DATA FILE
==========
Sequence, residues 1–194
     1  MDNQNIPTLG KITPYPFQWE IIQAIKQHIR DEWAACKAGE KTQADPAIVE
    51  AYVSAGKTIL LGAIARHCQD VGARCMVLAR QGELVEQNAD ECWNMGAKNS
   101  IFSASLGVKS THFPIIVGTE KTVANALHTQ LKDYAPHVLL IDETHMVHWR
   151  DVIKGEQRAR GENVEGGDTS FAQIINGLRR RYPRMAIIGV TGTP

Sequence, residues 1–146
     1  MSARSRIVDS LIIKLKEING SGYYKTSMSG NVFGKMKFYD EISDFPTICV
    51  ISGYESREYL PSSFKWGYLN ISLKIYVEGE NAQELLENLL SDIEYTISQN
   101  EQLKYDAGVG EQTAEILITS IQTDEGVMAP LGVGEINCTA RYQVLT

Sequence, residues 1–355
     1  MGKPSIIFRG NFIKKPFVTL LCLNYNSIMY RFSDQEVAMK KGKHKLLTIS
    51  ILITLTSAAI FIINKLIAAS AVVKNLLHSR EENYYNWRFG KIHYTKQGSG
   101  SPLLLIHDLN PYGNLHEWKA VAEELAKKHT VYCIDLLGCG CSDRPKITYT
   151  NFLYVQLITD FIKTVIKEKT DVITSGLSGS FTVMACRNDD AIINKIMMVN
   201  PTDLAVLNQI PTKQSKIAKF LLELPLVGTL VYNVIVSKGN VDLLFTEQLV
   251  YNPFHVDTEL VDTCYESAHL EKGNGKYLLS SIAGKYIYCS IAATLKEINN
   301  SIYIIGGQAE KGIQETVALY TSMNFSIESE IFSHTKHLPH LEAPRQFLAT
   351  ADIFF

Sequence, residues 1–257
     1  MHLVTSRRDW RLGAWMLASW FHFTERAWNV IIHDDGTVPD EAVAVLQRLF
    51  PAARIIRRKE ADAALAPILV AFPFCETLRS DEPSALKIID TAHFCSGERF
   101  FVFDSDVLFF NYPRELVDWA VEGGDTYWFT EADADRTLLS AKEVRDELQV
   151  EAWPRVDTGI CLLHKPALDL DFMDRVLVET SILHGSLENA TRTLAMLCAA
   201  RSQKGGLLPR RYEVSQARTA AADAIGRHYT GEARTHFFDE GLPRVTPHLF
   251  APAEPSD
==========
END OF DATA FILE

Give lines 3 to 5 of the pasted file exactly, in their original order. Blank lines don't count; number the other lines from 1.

    51  AYVSAGKTIL LGAIARHCQD VGARCMVLAR QGELVEQNAD ECWNMGAKNS
   101  IFSASLGVKS THFPIIVGTE KTVANALHTQ LKDYAPHVLL IDETHMVHWR
   151  DVIKGEQRAR GENVEGGDTS FAQIINGLRR RYPRMAIIGV TGTP